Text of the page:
[If] you’re the intelligent man on the street and the Court issues a decision, and let’s say the Democrats win, and that person will say: Well, why did the Democrats win And the answer is going to be because EG was greater than 7 percent, where EG is the sigma of party X wasted votes minus the sigma of party Y wasted votes over the sigma of party X votes plus party Y votes. And the intelligent man on the street is going to say that’s a bunch of baloney. … And that is going to cause very serious harm to the status and integrity of the decisions of this Court in the eyes of the country.

That strikes me as a bit disingenuous. There are any number of opinions that the court (and the courts) issue that would leave the “intelligent man on the street” scratching his head, because of the presence of what we might call “legal gobbledygook,” and if Roberts is suggesting that the court’s use of objective mathematical indices of partisan asymmetry would be especially troublesome to the man on the street, I’m not convinced.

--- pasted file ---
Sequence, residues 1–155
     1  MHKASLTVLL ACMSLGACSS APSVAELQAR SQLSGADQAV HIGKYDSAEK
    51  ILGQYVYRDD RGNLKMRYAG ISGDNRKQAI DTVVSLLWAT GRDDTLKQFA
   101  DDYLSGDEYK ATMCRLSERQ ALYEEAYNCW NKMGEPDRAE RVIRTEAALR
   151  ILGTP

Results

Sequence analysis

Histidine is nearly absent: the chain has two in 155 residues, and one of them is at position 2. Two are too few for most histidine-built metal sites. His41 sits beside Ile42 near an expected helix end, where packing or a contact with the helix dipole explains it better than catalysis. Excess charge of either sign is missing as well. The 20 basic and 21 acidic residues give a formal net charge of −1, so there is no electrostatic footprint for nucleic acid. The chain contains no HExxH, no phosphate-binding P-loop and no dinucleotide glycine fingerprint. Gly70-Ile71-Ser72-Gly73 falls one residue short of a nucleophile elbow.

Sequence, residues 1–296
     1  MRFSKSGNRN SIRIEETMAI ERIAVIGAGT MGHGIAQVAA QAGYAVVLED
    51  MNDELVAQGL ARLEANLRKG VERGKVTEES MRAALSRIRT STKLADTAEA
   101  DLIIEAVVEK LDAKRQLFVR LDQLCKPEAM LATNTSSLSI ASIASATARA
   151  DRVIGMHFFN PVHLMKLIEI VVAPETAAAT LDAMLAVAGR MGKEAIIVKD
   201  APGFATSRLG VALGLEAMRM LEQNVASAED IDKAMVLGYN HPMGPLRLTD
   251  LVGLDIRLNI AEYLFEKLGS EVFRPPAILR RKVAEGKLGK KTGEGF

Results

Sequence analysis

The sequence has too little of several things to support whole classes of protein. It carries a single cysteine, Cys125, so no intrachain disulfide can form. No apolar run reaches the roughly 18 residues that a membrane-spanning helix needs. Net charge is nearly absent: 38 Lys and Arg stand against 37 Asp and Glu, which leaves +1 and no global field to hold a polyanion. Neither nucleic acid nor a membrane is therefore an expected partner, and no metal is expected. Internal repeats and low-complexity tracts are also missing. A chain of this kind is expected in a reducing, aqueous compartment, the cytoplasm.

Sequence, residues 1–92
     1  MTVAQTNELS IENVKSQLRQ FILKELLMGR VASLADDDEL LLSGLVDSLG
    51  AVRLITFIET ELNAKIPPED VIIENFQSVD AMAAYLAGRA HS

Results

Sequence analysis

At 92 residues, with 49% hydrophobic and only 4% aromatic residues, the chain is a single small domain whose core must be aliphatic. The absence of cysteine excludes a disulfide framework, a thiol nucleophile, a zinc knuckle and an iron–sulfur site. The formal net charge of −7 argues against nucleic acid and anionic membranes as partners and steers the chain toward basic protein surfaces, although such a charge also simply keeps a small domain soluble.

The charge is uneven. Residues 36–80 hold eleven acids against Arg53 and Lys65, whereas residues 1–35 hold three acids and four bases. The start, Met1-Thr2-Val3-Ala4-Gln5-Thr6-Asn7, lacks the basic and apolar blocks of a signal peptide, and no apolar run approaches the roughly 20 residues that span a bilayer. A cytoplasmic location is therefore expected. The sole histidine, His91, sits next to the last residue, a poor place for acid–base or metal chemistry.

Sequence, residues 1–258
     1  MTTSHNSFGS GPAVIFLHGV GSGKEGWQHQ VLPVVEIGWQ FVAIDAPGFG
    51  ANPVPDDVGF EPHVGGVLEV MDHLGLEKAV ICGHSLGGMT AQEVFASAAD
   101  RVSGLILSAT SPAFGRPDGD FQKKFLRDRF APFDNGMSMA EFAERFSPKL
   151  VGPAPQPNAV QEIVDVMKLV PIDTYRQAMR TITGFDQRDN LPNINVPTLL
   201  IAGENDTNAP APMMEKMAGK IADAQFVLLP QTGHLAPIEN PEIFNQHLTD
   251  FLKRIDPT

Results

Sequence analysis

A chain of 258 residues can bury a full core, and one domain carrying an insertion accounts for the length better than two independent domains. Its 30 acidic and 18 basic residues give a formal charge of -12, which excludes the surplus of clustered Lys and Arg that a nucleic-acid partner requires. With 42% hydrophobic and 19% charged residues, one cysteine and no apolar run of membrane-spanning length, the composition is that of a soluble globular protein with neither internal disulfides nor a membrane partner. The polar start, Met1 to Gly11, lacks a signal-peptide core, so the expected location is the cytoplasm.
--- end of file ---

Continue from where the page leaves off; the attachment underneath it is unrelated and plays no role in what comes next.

I think that perhaps Alito put his finger on what really troubles these metric skeptics: the fear that they will look ridiculous at some point down the road for having chosen a flawed measuring stick:

… gerrymandering is distasteful. But if we are going to impose a standard on the courts, it has to be something that’s manageable and it has to be something that’s sufficiently concrete so that the public reaction to decisions is not going to be the one that the Chief Justice mentioned, that this three-judge court decided this, that — this way because two of the three were appointed by a Republican president or two of the three were appointed by a Democratic President.